"Nor can I. However, he will do his best to make himself disagreeable."

"I doubt that. Probably he will console himself with Esther."

"Not if I know it, Dicky," Mrs. Tremby sat up, with a wrathful look in
her eyes. "There isn't much friendship between me and your cousin, who
is an extreme silly old spinster. All the same, she is too good to marry
that scamp, who would waste her money and end up by deserting her.
Bollard has stopped the marriage with Audrey; I shall stop the marriage
with Miss Spine. Never you mind how. But I have a rod in pickle for Mr.
Arthur Randolph, although I don't wish to use it until I am forced to do
so."

Lawson nodded, rather absent-mindedly. "This is all very well, Jossy,
but it is a side issue, after all--the breaking of Audrey's engagement,
I mean. We are as far off as ever from discovering the truth about the
murder."

"One thing at a time, Dicky. We have cleared the ground so far! now we
can get on. What conversation did you have with Randolph last night,
when your cousin was present? Tell me word for word. There might be
something in it."

"Unless you can make mountains out of molehills, I don't think so,"
replied Lawson, recalling the supper table.

"Anyhow, I'll report everything."

Having a remarkably retentive memory, the young man related the whole
conversation, including Randolph's African story, and the saving of
Randolph's life by young Hamber. Jossy listened attentively, and seemed
deeply interested, so much so that Lawson expressed surprise.

"There is nothing in what I have told you, so far as I can see," he
protested.

"You can't see further than your nose," snapped Mrs. Tremby, rather
vulgarly. "There may be more in this than you imagine."

"What do you mean?"

"Never mind. You have given me an idea. No, don't ask me what it is,
because I won't explain. I'll think over things, and act accordingly.
Now, Dicky, you go home and dream of Audrey."

"I'd rather see her than dream about her," said Lawson, ruefully. "If
you come across her, do put in a good word for me, Jossy."

"Oh, I'll do that. And I am going to visit her in a couple of
days--three o'clock on Thursday afternoon."

"I'll be there also," said Dick brightening. "You don't mind?"

"No, I shall be glad." Jossy rose with a yawn. "Oh, Dicky, get out."

Thus peremptorily dismissed Lawson took his departure, and returned on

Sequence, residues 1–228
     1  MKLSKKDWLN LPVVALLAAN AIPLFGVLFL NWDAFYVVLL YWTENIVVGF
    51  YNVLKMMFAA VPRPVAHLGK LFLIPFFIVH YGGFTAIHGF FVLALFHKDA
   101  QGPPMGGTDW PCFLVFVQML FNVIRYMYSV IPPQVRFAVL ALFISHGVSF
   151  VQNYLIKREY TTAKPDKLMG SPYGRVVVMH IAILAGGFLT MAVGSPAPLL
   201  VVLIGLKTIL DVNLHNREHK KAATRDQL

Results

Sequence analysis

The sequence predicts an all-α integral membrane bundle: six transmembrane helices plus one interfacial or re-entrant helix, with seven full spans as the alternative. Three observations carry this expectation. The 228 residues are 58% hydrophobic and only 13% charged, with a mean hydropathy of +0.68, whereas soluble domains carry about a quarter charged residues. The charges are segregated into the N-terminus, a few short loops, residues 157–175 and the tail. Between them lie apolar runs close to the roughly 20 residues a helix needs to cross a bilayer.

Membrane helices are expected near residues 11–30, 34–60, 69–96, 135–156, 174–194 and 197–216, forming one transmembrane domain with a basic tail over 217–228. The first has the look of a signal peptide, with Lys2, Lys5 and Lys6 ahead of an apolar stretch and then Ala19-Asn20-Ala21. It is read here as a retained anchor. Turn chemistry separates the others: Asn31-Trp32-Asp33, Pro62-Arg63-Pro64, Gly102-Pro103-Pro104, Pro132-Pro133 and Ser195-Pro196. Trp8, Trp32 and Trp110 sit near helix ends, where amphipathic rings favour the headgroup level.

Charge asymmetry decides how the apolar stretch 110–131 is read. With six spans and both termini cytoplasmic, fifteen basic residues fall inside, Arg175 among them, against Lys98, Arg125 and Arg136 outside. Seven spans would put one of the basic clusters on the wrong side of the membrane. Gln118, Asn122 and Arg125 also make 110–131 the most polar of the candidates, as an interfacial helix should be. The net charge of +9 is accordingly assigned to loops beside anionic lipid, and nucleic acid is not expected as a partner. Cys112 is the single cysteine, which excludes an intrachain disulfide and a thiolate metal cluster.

winged feet to his rooms. There he passed the rest of the evening
smoking and thinking of Audrey's perfections. What a beauty she was.
What an angel--and something of a spitfire. Anyhow, the bravest and most
loyal little soul in the world. The way in which she stood up for that
wreck of a brother of hers; the self-control she had exercised
throughout the whole trying time. "Oh, there is no one worth thinking
about but Audrey," said Dick to himself when he went to bed.

Next morning brought a letter from Mr. Bollard asking Dick to call at
his office about noonday. Lawson wondered why the invitation should have
been sent, so immediately after the telegram to Mrs. Tremby; but was
glad to receive it. Had the letter not arrived he would in any case have
looked up the stockbroker, being immensely curious to learn how he had
contrived to bring Randolph to heel. Probably Bollard intended to tell
him, and while attending to his bevy of damsels the riding master
thought all the tine of the coming interview. He presented himself at
Wren street when the many churches in the city were announcing with
chiming bells the hour of twelve.

Bollard looked somewhat anxious and careworn, when the young man
appeared in his office, and silently indicated a chair. Dick wondered at
this unusual behaviour in the jovial old man, and noticed that he spoke
throughout the interview in a much more subdued tone of voice. There was
no roaring; and no hearty laughter. Bollard somehow did not seem to be
his usual self. "Are you ill, sir?" asked Dick sympathetically.